Private Equity Pours in with More Than Capital
This column first appeared in the July 2015 issue of All About Beer Magazine. Click here to subscribe.
Between last September (2014) and this past April, half a dozen breweries, producing between 60,000 and 200,000 barrels in 2014, announced that they’d received investments from private equity firms. The pace of these deals hasn’t slowed. As this went to press, Bronx Brewery, a smaller operation that finished building a facility in New York last summer, announced a similar “strategic partnership,” a seventh deal. More have probably been announced since.
But it’s not always clear when private equity firms invest in small brewers, usually in exchange for an ownership stake. Most of the time, they don’t receive the attention or elicit the response that acquisitions made by much bigger breweries or firms do. And details of these deals’ terms often remain unclear. After all, they’re private transactions between privately held companies, as you’ll hear a lot if you’re in the business of asking.
We do know that private equity firms already operate in many industries. They manage the investments of individuals or small groups, like families. For example, Ulysses Management, a New York City-based “family office,” took a majority stake in Southern Tier Brewing Co. last September. Ulysses primarily manages the investments of the Nash family and has about $1.5 billion of equity capital under management. But the private companies don’t always share where the money comes from or everywhere it goes.
A number of private equity firms seeking to invest in small breweries have experience with other consumer goods, like Encore Consumer Capital, which closed a deal to buy Oregon’s Full Sail Brewing Co. with a group of local investors earlier this year. It’s invested in Ciao Bella Gelato, Aidells sausages and other relatively small food and drink brands. Encore has about $400 million in equity capital at its disposal. Others investing in small brewers have up to a few billion.
But private equity investments don’t just offer capital to pay for past or future expansions or to provide liquidity to early investors, or to basically buy out friends or family that put up money early on. Many call them “partnerships” because they offer access to the business savvy and expertise of the day-to-day operators of the firm and its experienced board members. They also offer the opportunity for existing brewery management teams and employees to remain in place. Full Sail co-founder and president Irene Firmat pointed to this both before her fellow employee-owners voted to sell their stakes, ending the company’s Employee Stock Ownership Program (ESOP) and when announcing its deal with Encore.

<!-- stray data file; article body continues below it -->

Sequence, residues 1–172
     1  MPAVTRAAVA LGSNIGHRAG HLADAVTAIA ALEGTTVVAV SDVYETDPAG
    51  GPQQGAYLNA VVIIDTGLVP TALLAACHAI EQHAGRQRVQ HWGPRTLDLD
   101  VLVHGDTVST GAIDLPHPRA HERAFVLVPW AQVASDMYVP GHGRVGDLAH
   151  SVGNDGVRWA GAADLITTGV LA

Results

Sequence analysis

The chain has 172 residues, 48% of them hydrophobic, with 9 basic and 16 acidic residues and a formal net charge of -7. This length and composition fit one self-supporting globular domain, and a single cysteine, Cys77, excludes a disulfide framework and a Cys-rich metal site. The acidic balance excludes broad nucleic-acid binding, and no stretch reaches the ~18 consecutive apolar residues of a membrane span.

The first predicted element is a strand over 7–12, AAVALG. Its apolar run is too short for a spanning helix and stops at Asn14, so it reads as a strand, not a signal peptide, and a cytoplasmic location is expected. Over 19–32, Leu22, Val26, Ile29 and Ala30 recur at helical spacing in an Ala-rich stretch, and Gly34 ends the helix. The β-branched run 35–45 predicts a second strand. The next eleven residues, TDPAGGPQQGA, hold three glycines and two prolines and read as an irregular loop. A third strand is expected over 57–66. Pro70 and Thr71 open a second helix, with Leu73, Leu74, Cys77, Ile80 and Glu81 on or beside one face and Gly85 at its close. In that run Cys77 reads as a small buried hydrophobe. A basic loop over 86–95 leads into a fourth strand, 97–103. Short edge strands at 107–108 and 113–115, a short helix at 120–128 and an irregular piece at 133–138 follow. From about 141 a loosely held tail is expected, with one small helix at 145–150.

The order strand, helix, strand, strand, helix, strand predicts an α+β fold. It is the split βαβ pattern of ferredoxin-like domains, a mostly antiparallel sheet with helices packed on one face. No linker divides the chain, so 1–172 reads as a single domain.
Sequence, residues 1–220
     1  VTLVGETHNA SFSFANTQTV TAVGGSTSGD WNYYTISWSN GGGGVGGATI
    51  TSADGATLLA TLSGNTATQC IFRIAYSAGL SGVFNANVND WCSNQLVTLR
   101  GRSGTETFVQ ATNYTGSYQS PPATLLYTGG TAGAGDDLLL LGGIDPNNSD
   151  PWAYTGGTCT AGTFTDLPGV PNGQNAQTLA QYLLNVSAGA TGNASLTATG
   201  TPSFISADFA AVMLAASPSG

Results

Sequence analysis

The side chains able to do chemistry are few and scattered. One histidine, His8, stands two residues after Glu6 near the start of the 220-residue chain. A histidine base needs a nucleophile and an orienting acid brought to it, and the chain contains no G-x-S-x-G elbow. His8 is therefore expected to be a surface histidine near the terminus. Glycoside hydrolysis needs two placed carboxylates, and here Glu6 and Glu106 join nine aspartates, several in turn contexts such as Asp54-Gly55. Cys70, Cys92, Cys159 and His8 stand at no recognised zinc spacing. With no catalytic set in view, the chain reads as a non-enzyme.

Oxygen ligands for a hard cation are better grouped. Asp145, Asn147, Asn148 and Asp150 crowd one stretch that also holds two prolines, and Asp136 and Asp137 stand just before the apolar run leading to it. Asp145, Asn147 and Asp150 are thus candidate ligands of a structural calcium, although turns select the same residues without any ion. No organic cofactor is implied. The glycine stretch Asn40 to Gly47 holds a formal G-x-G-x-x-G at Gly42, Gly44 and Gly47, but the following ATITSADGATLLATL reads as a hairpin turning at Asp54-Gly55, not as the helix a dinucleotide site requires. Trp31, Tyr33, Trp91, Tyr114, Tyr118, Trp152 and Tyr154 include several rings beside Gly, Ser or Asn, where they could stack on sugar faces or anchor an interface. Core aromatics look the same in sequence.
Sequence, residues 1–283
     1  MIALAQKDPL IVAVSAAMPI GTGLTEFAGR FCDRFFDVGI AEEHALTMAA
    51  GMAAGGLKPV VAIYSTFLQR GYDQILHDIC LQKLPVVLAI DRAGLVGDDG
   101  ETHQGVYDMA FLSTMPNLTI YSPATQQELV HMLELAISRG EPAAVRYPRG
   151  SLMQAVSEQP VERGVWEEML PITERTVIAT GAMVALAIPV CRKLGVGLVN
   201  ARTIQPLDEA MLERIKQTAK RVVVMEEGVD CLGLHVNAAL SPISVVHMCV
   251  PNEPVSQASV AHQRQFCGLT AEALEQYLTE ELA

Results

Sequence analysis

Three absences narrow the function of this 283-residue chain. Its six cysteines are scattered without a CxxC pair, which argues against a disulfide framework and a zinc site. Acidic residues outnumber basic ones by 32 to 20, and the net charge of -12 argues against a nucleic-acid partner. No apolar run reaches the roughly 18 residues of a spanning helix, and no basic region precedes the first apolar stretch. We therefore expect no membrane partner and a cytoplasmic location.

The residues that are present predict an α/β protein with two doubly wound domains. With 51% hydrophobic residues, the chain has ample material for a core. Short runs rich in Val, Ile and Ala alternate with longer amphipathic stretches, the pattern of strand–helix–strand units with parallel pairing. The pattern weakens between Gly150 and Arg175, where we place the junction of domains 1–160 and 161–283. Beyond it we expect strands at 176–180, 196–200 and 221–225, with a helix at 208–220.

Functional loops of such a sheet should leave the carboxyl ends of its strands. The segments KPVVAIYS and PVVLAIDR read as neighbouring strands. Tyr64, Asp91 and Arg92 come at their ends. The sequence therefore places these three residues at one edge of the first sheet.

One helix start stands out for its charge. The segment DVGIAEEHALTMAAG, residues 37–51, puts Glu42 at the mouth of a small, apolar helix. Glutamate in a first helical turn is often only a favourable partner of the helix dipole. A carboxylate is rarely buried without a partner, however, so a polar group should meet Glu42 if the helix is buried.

The deal also helps “keep our company independent,” Firmat wrote to employees at the time. Abita founder and president David Blossman made similar comments as he announced its partnership with a new company, Enjoy Beer LLC. Founded by Harpoon co-founder and longtime CEO Rich Doyle, Enjoy Beer brings together a team of experienced beer executives to offer partner-brewers, like Abita, “the resources and expertise [they] need for successful long-term growth,” Blossman says. Enjoy Beer’s funding comes in part from Friedman, Fleischer & Lowe, a San Francisco-based private equity firm with about $4.5 billion under management. Enjoy Beer plans to pick up stakes in up to five more breweries over the next few years and may eventually take the company public.
Pooling resources and knowledge by bringing multiple smaller brands under common ownership looks increasingly attractive in the hyper-competitive craft marketplace.
“Collaboration” was a big part of the explanation provided by Oskar Blues founder Dale Katechis when announcing his brewery’s acquisition of Perrin Brewing of Michigan. Oskar Blues funded that deal in part by selling a stake to Fireman Capital Partners, a Boston-based private equity firm that took a majority stake in Utah-based Squatters and Wasatch brands back in 2012.
The other two recent deals became public last September, around the same time as Southern Tier’s announcement. Utah’s Uinta Brewing Co. announced it sold a stake to the Riverside Co. Later in the month, it came out that Georgia’s SweetWater Brewery had sold a stake last year to TSG Consumer Partners, which was part of the investor group that recently bought Pabst.
Rumors abound and no one knows the future for sure, but there’s a lot more chatter recently about (partially) private equity-funded portfolio plays (or “rollups”) later taken public.
That last bit, going public, or one possible “exit” for a private equity firm, is key. The companies managing these investments expect to see a return, to grow a company and sell their stake for more than they paid. Less patient firms may sell off investments after three to five years. But others hold on much longer.
A lot remains unclear about this flurry of deals, its impact and how long it will continue. How will the source of capital and business expertise affect the way these brewers compete against not only larger but smaller competitors? How will consumer perception change, if at all?
What is clear is that a growing number of brewers run businesses worth the significant investment that these deals represent. A growing group of investors see these brewers as sound, profitable businesses. You could also view these deals as a vote of confidence, a sincere belief (to the tune of tens of millions of dollars) that these small breweries have plenty of growth ahead of them. And lots more votes wait to be cast.
Christopher Shepard is a writer and editor for Beer Marketer’s Insights, spending most of his time walking the craft beat for Craft Brew News.